Additional Feedback: >>> After Authors' Reponse: I still find the paper's analysis regarding action-gaps a bit weak, and the authors' response didn't help much in that regard. I think their action-gap analysis needs to be considered under the new findings of (van Seijen et al., 2019); increasing the action-gap is not important on its own, rather it's the homogeneity of the action-gaps across the states that is important. While I still stand by my verdict of accepting this paper, in light of other reviews, I think the paper's writing should be toned down a bit in regards to its theoretical novelty and claims about empirical results (e.g. the first non-dist-RL to beat a dist-RL). >>> Qs. Q1: To the best of my knowledge, IQN in Dopamine also uses Double Q-learning. Is this also the case for your M-IQN agent? If yes, I believe it has not been mentioned. Also, it would mean that your M-IQN agent uses also Double Q-learning beyond your Rainbow baseline (which doesn't use Double Q-learning in its Dopamine implementation). Q2: Couldn't the improvement of M-DQN over AL be partly due to M-DQN achieving a more homogeneous action-gap across the state-space as opposed to AL which increases the action-gap but doesn't achieve homogeneous action-gap sizes? If so, this would conform to the findings of (van Seijen et al., 2019). To study this, I believe that Log-DQN (from the latter work) should also be included in your action-gap study of Fig. 2 (i.e. compare against its action-gap on Asterix). Q3: Can you comment on any possible connections between Log-RL (van Seijen et al., 2019) and M-RL? Does the log(pi) of the additive reward in M-RL relate to the log(q) in Log-RL in any way? Q4: In Fig. 1, are all agents using the Adam optimizer except for DQN? From your ablation study, it seems to me that this is the case. Doesn't this make these results a lot more moderate in the case of M-DQN (given that the competitiveness of M-DQN with Rainbow becomes less impressive once DQN-Adam is also shown)? I think this should be clearly stated right there when discussing the results of Fig. 1 or, alternatively, DQN-Adam curves can be added to clearly illustrate this. Q5: Doesn't AL improve beyond C51? If it does, since AL doesn't use distRL (if I'm not mistaken), doesn't it make M-DQN the *second* known non-distRL agent to beat C51? (To understand where my confusions come from: I'm finding it difficult to put the performances of Fig. 3 in perspective w.r.t. those of Fig. 1 -- have to compare them back and forth to sanity checking things for myself). >>> Refs. (van Seijen et al., 2019) Using a Logarithmic Mapping to Enable Lower Discount Factors in Reinforcement Learning.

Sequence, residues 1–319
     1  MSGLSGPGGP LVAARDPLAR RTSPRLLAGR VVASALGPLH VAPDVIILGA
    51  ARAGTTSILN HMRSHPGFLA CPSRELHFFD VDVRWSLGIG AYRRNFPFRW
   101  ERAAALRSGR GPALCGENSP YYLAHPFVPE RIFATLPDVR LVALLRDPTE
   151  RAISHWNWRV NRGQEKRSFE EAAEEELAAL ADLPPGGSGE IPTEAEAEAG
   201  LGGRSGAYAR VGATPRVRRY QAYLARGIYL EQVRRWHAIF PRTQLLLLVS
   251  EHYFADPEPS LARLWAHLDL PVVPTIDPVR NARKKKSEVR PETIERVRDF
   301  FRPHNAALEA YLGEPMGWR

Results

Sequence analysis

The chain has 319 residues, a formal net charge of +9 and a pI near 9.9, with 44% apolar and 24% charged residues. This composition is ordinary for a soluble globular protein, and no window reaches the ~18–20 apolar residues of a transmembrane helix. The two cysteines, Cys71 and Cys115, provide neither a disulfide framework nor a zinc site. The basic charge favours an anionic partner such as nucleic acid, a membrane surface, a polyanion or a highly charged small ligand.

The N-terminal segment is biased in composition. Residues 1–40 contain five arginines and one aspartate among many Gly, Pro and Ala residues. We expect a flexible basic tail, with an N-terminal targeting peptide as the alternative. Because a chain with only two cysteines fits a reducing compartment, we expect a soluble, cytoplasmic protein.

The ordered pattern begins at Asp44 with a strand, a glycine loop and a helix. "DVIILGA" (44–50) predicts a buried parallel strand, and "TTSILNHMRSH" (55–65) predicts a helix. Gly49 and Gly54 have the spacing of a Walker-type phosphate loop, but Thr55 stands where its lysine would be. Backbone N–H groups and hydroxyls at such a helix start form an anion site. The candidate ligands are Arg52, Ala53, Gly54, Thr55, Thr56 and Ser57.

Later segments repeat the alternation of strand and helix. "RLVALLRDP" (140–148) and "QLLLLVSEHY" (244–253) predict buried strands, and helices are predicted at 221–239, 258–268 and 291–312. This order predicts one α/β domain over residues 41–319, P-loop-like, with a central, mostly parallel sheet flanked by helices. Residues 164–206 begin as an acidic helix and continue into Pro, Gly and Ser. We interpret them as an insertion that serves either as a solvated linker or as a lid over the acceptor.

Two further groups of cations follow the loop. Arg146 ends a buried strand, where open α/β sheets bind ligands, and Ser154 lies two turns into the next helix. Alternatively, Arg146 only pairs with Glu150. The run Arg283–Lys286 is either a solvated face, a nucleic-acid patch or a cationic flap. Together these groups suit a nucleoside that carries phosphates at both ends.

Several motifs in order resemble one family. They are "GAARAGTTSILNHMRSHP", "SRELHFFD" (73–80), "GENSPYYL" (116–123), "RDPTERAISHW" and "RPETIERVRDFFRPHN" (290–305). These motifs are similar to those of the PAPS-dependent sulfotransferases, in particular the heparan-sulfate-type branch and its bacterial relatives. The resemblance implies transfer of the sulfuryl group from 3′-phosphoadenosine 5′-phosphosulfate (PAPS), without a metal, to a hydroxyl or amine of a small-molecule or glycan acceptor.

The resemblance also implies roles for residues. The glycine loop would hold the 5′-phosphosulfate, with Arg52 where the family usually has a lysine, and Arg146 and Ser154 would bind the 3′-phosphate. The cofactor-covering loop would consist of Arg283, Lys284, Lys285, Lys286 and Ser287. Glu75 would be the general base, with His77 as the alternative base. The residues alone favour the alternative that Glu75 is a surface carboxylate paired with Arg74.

Review 2

Summary and Contributions: This paper proposes to add a term of a scaled log probability of an action to an immediate reward for soft Q-learning. The proposed method is theoretically justified as KL regularization and related to conservative policy iteration, dynamic policy programming, and advantage learning. The proposed method is empirically evaluated on 60 Atari games, achieving good performance. It is shown that DQN with soft Q-learning, Adam, and the Munchausen term alone is competitive with Rainbow and that IQN with soft Q-learning and the Munchausen term outperform Dopamin's Rainbow and IQN.

Strengths: The proposed method is relatively simple but surprisingly effective, achieving significantly better scores than both Dopamin's Rainbow and IQN, which alone is a significant contribution to deep RL research.

Weaknesses: The proposed method has three additional hyperparameters, which could be a significant drawback in practice. This paper does not provide any empirical analysis on how those hyperparameters matter. Only a single set of values used in the experiments is provided. Therefore, it is unclear how difficult it is to tune these values in practice. Having such an analysis would enhance the paper a lot. The 60-game Atari results are not comparable to the published results in the Rainbow and IQN papers because of sticky actions and life-loss episode termination. Dopamin's Rainbow is also different from the one proposed by the Rainbow paper. Therefore, it is still inconclusive how well M-DQN and M-IQN would perform relatively to Rainbow and DQN on their original settings.